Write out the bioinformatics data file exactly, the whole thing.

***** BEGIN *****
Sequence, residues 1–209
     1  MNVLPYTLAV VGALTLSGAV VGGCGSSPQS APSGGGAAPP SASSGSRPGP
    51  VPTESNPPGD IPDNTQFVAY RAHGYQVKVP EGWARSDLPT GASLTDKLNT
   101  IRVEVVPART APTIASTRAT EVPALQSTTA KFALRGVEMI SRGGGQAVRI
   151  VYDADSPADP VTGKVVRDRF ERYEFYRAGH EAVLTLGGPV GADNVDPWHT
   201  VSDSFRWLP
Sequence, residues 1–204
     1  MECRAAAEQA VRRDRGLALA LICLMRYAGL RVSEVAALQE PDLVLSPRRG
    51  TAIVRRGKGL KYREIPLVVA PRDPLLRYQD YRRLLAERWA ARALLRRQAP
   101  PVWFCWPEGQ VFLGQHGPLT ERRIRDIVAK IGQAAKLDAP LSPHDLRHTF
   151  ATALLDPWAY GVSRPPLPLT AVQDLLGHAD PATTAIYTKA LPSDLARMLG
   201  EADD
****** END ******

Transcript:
Sequence, residues 1–209
     1  MNVLPYTLAV VGALTLSGAV VGGCGSSPQS APSGGGAAPP SASSGSRPGP
    51  VPTESNPPGD IPDNTQFVAY RAHGYQVKVP EGWARSDLPT GASLTDKLNT
   101  IRVEVVPART APTIASTRAT EVPALQSTTA KFALRGVEMI SRGGGQAVRI
   151  VYDADSPADP VTGKVVRDRF ERYEFYRAGH EAVLTLGGPV GADNVDPWHT
   201  VSDSFRWLP
Sequence, residues 1–204
     1  MECRAAAEQA VRRDRGLALA LICLMRYAGL RVSEVAALQE PDLVLSPRRG
    51  TAIVRRGKGL KYREIPLVVA PRDPLLRYQD YRRLLAERWA ARALLRRQAP
   101  PVWFCWPEGQ VFLGQHGPLT ERRIRDIVAK IGQAAKLDAP LSPHDLRHTF
   151  ATALLDPWAY GVSRPPLPLT AVQDLLGHAD PATTAIYTKA LPSDLARMLG
   201  EADD